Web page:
The Georgetown Eagles played host to Leander tonight. But it's what happened at last week's Homecoming game that's still bringing smiles to the faces of everyone in attendance. Two students are at the center of this feel good story.
Jared Friemel, decked out in his king's crown and sash, can't help but break into a smile as he kneels next to his queen, Gracie Kiltz. Both Gracie and Jared were born with severe down syndrome. Jared had open heart surgery at age two. At the same age, Gracie's heart flat-lined for 20 minutes after a battle with Leukemia. She suffered major brain damage and the prognosis wasn't good.
"Her smile is a gift because she was not supposed to live," said Erin Kiltz, Gracie's mother.
Both Gracie and Jared are now 18 and attend the special needs program at Georgetown High School. Recently the student body voted them to the homecoming court.
"I mean if you could have told us then that this would happen, there's no way we would think it would have been possible," said Kiltz.
John Kiltz remembers walking his eldest daughter to that same 50 yard line just five years earlier when she on the homecoming court. She was not named queen, but this time things would be different.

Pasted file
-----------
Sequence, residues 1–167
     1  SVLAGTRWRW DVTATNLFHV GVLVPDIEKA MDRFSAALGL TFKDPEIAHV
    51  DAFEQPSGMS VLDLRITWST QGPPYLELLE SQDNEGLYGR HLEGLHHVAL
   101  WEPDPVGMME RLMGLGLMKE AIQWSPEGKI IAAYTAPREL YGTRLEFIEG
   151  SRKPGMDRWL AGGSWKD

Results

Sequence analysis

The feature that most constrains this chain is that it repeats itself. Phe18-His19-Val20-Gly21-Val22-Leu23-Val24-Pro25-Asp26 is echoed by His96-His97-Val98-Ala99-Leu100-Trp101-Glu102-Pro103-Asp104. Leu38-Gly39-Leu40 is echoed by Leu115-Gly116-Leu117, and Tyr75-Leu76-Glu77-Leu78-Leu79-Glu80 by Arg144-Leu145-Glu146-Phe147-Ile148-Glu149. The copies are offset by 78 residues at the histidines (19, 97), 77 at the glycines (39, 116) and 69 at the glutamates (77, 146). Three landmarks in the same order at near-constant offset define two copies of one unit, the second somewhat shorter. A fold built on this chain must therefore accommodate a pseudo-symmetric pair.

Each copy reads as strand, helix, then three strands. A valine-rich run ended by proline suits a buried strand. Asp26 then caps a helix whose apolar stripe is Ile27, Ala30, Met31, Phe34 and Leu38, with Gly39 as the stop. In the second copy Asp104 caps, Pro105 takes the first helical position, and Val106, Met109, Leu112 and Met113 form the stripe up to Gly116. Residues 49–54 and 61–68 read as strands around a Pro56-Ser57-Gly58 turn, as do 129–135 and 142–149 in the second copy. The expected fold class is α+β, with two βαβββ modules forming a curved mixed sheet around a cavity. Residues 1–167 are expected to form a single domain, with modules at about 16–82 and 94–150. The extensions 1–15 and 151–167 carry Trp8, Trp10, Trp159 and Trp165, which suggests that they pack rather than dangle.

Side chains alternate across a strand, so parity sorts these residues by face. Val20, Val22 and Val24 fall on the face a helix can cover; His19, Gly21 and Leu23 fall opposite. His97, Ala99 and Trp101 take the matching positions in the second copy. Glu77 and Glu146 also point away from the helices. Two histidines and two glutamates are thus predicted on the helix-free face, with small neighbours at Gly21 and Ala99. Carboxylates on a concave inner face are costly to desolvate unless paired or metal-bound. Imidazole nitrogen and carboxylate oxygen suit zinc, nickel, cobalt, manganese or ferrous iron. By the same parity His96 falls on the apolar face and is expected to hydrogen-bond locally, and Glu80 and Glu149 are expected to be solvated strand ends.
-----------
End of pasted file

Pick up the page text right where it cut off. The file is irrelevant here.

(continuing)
"Someone had said she won in a landslide, I mean to me, I was on the field with her and I said, I kept whispering in her ear, Gracie, you know I'm so proud of you," said John Kiltz, as he held back tears.
Sharing in the joy were Gracie and Jared's peer buddies, who spend hours with them each week at the high school.
"They called his name and he jumped up, threw his hands in the air, waved and just took off running," said Price Vasquez, Jared's peer buddy.
"Then as soon as everybody starts clapping she gets it, she's like, 'Yes, Yes,' she understands it, right Gracie," said Lauren Walter, Gracie's peer buddy.
Gracie and Jared's parents say what the students at Georgetown High School did has renewed their hope in this generation.
"My emotions were running wild were running wild but all I can do and all I did that night was say thank you Georgetown," said Charlotte Friemel, Jared's mother.
"They understand that these kids have value and they have contributions to make and they have a voice that you just have to learn how to hear that voice," said Erin Kiltz.